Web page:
Watered down childhood obesity legislation?

Watered down childhood obesity legislation?

Childhood obesity. It is something we have spoken a lot about before, mainly because it is a topic that too many people feel uncomfortable talking about. In some ways this is understandable. It seems inappropriate to tell somebody that their child is overweight, and even more difficult to tell them that they aren’t helping. 

That’s why a lot of people in the community were glad to hear that the government were putting into place policy with the aim of solely tackling childhood obesity. But yesterday’s revelations appear to suggest it might have been too good to be true. Health experts, supermarket bosses and MPs alike have come out to criticise the government, with the British Medical Association (BMA) suggesting that promises aren’t being kept.

The government’s plan primarily focuses on the sugar element of food and drink, particularly those that are targeted at children. Over the next year the industry was expected to cut 5% of sugar, with 20% cuts expected over the next four. Along with the nutritional aspect, primary schools are expected to take a more serious role, delivering at least half-an-hour of exercise a day.

The sugar tax, which has received a great deal of press, forms a large part of the plan, with the revenue from the tax expected to fund school sports when it comes into force in 2018. In reality, the burden of this tax is expected to fall on working class families, which could see the least-off in society disproportionately funding the exercise of those that are better off.

If you would expect anyone to be against these sort of initiatives, it would be supermarkets. Their focus on the profit margin would lead you to think they want to maximise profits and allow parents to decide what is best for their children, not the government.But yesterday we saw the CEO of Sainsbury’s, Mike Coupe, criticising the regime for its lack in severity, suggesting that more needs to be done.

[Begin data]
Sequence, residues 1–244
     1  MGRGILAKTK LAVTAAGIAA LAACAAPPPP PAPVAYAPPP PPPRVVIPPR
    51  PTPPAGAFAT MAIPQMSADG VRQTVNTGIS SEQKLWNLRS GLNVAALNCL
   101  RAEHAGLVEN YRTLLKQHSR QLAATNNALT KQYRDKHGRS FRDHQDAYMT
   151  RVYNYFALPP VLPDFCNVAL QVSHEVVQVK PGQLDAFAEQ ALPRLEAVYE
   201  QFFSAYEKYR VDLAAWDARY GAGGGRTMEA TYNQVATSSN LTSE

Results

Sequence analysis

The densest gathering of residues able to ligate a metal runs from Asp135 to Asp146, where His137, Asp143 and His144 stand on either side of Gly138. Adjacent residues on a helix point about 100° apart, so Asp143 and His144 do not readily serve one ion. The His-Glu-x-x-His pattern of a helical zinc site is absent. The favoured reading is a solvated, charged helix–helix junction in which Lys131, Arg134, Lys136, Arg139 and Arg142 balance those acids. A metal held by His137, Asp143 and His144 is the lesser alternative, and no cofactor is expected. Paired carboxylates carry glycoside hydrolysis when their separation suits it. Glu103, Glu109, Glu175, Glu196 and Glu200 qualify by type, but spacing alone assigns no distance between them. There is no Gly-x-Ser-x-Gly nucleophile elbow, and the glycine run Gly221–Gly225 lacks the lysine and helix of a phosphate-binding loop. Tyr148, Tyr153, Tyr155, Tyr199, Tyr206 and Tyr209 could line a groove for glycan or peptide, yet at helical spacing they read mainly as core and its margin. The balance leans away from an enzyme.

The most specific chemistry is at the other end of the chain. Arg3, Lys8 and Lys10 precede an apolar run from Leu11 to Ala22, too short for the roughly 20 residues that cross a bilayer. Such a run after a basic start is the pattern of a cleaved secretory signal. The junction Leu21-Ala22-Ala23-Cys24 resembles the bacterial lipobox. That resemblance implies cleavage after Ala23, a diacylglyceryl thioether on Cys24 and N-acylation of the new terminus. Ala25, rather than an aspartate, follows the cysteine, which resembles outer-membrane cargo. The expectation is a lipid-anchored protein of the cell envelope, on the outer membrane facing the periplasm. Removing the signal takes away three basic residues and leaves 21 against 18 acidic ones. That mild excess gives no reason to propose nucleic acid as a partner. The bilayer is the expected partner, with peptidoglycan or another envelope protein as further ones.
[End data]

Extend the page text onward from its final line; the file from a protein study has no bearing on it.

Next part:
All sorts of aspects of the strategy have already been dropped, before it has even got going. As prices of fruit and vegetable continue to rise, buy-one-get-one-free promotions on unhealthy food are frequently offered in our supermarkets. The way in which these foods are advertised was also to set to see an overhaul but talk of that has cooled as well. This alleged watering down has brought into question the power that the food industry to lobby the government and, as a result, influencing the health and fitness levels of the youngest in our society.

The fact that this is making headline news is positive. It means that it is still on the mind of the public and that people are interested. It will also make the government think twice about watering down any positive legislation to satisfy industry. But we can’t expect the government to do everything. Unhealthy food will always be available and parents must take responsibility in making sure that their children are living as healthy a life as possible.

Ollie Lawrence
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